Despite their wild popularity the good times couldn’t last forever for the ninja films. The enthusiasm started to wane by the time Ninja III: The Domination hit theaters in fall of 1984. It’s not so much that studios would quit trying to squeeze money out of the concept, as that audiences started to not care. It’s sort of like the precipitous decline Seagal experienced after Under Siege. Up until that point he had been ascending to the throne of superstardom, but then the outrageous On Deadly Ground saw audiences begin to tune out until he ultimately ended up in DTV. Not so different with the ninjas. Box office receipts kept going up to the mid-80’s until the waters started getting muddied with stuff like American Ninja starring Michael Dudikoff. For the record, and to throw a little good will Chuck Norris’s way, he’s much better than Dudikoff. Take that for what it’s worth. Post-Dudikoff audiences started to trickle off until ninjas also found their way into DTV. Not until recently with the big screen release of Ninja Assassin have we seen an attempt to return to those glory days.
Ninja III: The Domination represented a final kitchen sink approach on the part of Cannon to use what life was left in the ninja cycle for one last hurrah. Until this past week, the last time I saw Ninja III: The Domination was at a neighborhood friend’s house during a sleepover circa 1985. Somehow I managed to miss it in the theater, which was a rarity for me in those days. All I remembered was that we were all blown away by a siege on a golf course by a lone ninja. It featured the ninja in a golf cart chase that rivals the truck chase from Raiders, an attack on a police helicopter, and a final duel with a S.W.A.T. team that recalls key action sequences in Robocop. All in the first 15 minutes of the film! Watching it again now I couldn’t believe how well it held up, and found myself marveling that Cannon could have made a film that paid off to such a degree.
Sadly things fall apart pretty quickly after that, but thankfully in a most entertaining fashion. You see the evil golf course ninja survives long enough to impart his spirit to a telephone repairwoman played by Breakin’ and Breakin’ 2: Electric Boogaloo star Lucinda Dickey. She may seem like an odd choice for the role, and I can only guess that Cannon was trying to make her into a star by stretching her beyond her Breakin’ persona. Unfortunately, like Cannon was so apt to do, they simultaneously tried to capitalize on her familiar trademarks. So Dickey spends most of the film in leotards and legwarmers, and they even throw in a jazzercise sequence for good measure. It’s pure madness. Dickey’s running around to cheesy 80’s synth music possessed by the spirit of an evil ninja. Don’t get me wrong this is one of those developments that turns out to be incredibly entertaining – but for all the wrong reasons. Yes it’s a textbook case of a movie that’s so bad it’s good. What’s frustrating though is that it short circuits what started out as a completely awesome action film, which is why to me this represents the beginning of the end for the golden age of the ninja film. Once the top dog of the cinematic ninja world can’t take itself seriously, it goes without saying that trouble would follow.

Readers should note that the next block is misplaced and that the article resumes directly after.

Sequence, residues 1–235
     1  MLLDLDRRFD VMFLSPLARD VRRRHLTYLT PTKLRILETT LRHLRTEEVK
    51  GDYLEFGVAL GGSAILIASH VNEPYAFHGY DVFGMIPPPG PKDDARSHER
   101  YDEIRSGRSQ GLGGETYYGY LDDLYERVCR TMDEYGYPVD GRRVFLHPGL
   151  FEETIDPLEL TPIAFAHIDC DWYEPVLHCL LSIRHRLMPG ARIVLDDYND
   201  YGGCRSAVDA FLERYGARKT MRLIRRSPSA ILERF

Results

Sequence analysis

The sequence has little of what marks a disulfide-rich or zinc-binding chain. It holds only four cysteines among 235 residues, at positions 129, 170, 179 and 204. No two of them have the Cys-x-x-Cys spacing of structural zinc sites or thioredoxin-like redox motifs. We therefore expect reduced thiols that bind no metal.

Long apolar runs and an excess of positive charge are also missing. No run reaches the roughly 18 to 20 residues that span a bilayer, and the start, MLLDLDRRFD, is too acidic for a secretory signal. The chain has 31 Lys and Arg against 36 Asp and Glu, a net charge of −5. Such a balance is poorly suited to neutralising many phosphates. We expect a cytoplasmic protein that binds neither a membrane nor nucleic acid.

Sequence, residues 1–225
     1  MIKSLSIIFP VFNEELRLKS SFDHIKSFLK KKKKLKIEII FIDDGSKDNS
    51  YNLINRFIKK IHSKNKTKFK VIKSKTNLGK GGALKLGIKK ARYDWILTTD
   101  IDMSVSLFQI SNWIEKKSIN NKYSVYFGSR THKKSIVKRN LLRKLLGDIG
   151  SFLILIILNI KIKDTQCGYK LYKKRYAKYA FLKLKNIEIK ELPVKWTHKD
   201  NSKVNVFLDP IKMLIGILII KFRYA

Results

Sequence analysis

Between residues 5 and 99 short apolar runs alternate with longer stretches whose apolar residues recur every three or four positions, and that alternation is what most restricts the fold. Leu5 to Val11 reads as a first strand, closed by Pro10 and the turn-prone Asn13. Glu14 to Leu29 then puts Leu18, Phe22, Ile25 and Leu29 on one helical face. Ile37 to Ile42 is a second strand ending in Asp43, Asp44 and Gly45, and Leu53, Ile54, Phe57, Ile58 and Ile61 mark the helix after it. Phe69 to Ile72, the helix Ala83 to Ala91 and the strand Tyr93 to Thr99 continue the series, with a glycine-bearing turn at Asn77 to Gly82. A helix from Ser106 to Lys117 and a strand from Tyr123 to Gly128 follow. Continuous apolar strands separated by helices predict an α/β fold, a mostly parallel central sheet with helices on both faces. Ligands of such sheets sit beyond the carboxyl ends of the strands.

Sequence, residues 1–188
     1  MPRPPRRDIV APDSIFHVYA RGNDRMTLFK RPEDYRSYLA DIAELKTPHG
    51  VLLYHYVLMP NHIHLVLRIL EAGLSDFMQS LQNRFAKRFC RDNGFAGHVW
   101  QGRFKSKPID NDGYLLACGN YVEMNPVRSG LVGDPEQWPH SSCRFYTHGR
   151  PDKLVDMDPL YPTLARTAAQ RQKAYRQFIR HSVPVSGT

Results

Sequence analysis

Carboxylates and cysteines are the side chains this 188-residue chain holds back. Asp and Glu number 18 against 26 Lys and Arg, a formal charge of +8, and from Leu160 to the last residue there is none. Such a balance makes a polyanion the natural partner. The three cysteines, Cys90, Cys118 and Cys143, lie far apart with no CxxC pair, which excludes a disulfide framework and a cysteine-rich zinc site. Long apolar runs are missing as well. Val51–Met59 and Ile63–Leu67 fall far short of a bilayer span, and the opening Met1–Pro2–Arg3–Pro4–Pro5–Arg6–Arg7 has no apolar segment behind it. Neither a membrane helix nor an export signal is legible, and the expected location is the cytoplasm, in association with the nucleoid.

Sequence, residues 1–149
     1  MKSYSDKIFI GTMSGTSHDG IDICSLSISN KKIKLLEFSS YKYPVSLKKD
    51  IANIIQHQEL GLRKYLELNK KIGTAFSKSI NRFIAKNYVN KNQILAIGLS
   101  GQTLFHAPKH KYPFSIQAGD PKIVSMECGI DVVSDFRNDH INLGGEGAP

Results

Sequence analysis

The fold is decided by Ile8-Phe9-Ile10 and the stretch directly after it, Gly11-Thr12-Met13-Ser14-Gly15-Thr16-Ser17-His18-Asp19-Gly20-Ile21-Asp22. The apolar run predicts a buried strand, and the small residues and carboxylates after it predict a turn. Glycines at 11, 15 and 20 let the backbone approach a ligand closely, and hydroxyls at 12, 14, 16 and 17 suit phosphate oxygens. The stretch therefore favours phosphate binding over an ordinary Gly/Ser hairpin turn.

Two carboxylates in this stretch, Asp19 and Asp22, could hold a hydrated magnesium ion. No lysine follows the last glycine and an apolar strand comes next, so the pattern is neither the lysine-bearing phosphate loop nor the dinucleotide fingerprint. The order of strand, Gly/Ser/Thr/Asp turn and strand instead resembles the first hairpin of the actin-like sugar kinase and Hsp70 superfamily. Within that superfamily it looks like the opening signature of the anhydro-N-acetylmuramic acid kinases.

As I said though this is a great movie in terms of entertainment value, if you can get past how it derails after that first 15 minutes. The 80’s cheese is a blast, and most importantly Sho Kosugi shows up to take care of business about midway through the film. Incredibly they also do a great job of making the possession stuff fly, including a showstopping sequence where James Hong (Big Trouble In Little China) tries to exorcise the evil spirit. Perhaps the only true disappointment is that the final battle between Kosugi and the reconstituted evil ninja doesn’t quite measure up to that first 15 minutes. I know I keep going on about how cool it is, but trust me it is that cool. Just to illustrate this point I mentioned to a co-worker I had watched the film recently, and almost the first words out of his mouth were “golf course.” It is a sight to behold and if you’re a fan of this type of film you owe it to yourself to at least watch that opening!
I should mention that what got me on this kick in the first place was discovering that Ninja III: The Domination was available on Itunes. Yes this is another one of those films that is not available on video or DVD, but that you can download off the Itunes site. You may recall past discoveries I’ve reviewed here such as the Dark Shadows theatrical films and The Island. More keep cropping up all the time, and I’ll do my best to keep highlighting them. It’s a great way to see films that haven’t been available otherwise in quite some time. On a scary note I noticed they’ve put up the Vanilla Ice film Cool As Ice (in widescreen no less)! I may have to gather my courage for that one, but revisiting Ninja III: The Domination was a pleasure. Thankfully (or not, your mileage may vary) The Octagon is readily available on DVD. So if you want to see the films that started and ended the glory days of the ninja era, now you can thanks to the digital revolution!